12:51 GMT05 March 2021
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    The UK government last night pleaded with the public to welcome the US president to London, arguing that “the special relationship is generational, not one person”, after calls for the Queen to scrap the royal banquet were sparked.

    As the UK prepares for the US president’s state visit, ministers and courtiers at the Royal Palace fear Donald Trump could embarrass the Queen by openly speaking out in favour of Brexit at the official banquet on Monday, the Daily Mail reported citing sources in the palace.

    Despite the Royal Family's painstaking attempts to remain above the political affray, those involved in the planning of the visit are anticipating Trump might use his address at Buckingham Palace to heap praise on the UK's decision to quit the EU.

    In a bid to allay the fears, palace sources last night maintained the Queen would be “more than capable” of dealing with controversy, while Foreign Office insiders denied broaching the subject with Washington.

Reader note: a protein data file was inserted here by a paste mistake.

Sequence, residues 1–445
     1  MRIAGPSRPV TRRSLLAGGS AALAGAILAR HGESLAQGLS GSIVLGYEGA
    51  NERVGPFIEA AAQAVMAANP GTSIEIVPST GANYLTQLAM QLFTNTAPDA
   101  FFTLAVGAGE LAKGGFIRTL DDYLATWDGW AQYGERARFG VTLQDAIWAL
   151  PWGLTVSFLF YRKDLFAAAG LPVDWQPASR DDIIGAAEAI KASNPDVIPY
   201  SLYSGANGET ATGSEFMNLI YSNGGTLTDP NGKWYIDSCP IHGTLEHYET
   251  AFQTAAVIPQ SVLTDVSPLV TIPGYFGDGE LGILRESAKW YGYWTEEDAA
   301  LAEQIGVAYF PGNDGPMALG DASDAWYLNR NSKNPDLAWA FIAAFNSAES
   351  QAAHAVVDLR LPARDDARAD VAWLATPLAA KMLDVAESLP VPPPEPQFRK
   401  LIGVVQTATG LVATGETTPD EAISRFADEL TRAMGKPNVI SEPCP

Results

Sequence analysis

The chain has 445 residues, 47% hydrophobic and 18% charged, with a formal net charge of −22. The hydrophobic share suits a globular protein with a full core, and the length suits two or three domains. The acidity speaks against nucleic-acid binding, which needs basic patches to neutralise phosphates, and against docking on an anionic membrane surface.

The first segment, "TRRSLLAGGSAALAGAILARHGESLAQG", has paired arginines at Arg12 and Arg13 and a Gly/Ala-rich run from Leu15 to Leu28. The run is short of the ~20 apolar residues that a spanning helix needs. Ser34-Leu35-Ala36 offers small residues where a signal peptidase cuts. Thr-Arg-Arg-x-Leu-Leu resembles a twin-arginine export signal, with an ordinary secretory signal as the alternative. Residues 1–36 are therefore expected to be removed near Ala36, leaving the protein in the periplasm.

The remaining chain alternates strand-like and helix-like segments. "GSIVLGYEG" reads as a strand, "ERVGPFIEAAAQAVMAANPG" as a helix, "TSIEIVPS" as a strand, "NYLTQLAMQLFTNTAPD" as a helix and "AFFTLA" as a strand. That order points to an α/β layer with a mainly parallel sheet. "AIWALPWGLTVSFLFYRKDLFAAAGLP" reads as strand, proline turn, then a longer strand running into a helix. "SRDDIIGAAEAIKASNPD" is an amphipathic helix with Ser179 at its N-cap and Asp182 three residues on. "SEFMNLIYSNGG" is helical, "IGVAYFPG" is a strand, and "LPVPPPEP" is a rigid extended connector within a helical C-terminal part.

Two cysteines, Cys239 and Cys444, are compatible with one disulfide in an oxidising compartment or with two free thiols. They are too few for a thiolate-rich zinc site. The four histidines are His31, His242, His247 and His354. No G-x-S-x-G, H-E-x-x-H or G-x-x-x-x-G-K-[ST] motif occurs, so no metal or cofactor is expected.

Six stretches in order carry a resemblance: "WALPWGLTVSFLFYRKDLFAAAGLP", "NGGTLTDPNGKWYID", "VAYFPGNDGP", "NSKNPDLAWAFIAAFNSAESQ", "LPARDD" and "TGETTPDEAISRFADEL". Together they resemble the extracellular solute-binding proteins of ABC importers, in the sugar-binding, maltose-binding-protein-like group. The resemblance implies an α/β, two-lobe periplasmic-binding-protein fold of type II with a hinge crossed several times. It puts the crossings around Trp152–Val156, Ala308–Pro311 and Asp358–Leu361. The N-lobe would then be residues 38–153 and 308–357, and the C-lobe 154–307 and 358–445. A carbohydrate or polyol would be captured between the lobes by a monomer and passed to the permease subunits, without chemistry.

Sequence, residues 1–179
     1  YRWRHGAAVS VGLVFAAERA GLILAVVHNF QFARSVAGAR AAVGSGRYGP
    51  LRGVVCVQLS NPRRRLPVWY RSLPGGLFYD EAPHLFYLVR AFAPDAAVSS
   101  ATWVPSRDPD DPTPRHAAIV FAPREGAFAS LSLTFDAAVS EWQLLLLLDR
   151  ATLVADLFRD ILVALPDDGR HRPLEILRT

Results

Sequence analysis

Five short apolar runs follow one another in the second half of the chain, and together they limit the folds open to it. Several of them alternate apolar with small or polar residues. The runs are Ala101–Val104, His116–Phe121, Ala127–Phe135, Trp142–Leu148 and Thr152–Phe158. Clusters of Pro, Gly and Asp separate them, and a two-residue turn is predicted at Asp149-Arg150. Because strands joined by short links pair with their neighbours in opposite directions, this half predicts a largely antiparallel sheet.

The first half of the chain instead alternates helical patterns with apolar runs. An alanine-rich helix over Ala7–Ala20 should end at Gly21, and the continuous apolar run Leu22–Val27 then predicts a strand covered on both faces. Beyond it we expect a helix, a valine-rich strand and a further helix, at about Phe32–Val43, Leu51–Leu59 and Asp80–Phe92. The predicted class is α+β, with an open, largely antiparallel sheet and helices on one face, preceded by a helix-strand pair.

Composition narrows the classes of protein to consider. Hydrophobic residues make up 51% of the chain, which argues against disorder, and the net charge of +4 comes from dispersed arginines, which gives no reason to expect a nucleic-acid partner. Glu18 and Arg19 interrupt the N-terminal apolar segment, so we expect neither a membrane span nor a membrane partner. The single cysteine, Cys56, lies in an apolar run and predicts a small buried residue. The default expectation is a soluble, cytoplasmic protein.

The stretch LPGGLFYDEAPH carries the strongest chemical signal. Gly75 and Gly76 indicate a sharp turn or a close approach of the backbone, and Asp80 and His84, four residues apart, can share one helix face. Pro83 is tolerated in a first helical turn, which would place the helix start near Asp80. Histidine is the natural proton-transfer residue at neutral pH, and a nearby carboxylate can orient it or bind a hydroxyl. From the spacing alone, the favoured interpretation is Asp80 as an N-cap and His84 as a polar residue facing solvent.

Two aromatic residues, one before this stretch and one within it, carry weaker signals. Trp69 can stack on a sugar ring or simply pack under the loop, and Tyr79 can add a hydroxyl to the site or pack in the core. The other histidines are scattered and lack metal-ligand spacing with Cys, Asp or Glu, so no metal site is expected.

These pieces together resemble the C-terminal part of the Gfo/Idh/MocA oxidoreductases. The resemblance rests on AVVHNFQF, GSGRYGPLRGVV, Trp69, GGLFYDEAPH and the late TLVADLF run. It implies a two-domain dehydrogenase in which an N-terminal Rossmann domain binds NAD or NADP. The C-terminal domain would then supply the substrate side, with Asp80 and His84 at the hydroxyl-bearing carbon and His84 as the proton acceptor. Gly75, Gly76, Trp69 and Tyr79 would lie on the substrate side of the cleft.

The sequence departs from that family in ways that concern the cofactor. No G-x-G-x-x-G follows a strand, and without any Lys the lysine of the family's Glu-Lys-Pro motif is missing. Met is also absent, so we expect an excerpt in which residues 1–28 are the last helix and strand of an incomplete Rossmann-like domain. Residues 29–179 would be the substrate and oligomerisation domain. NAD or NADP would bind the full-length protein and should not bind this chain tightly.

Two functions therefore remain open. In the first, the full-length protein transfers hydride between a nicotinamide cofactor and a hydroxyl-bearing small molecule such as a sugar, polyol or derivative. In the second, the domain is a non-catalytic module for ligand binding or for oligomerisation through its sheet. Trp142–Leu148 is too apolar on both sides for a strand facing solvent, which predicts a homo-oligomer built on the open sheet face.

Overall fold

A Whitehall source said: “We've learnt that asking them to steer the President off a subject tends to have the opposite effect.”

    Earlier, when interviewed by the The Sun ahead of his UK visit, he said he was surprised to learn that Meghan Markle, Duchess of Sussex, had made “nasty” comments about him.

    Trump took to Twitter to dismiss claims that he called the Duchess of Sussex "nasty", adding these rumours were spread by "fake news media", singling out CNN and the New York Times.

    As for likely Brexit blunders, these might come in the wake of earlier comments by the US president, who said Britain’s next prime minister should “walk away” from trying to clinch a Brexit deal with the EU if Brussels fails to yield to the UK’s demands.

    Trump was speaking with the Sunday Times ahead of his state visit, urging London to “sue” the EU in order to give Britain greater “ammunition” in the Brexit talks.

    During the visit, Trump is scheduled to sit down with outgoing Prime Minister Theresa May, who announced her resignation late last month due to her failure to resolve the Brexit deadlock, and discuss “many things” on the bilateral agenda, including those pertaining to trade and security, according to White House officials.


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    brexit, official state visit, Brexit, state visit, Duchess of Sussex, Nigel Farage, Donald Trump, Queen Elizabeth II, US, United Kingdom
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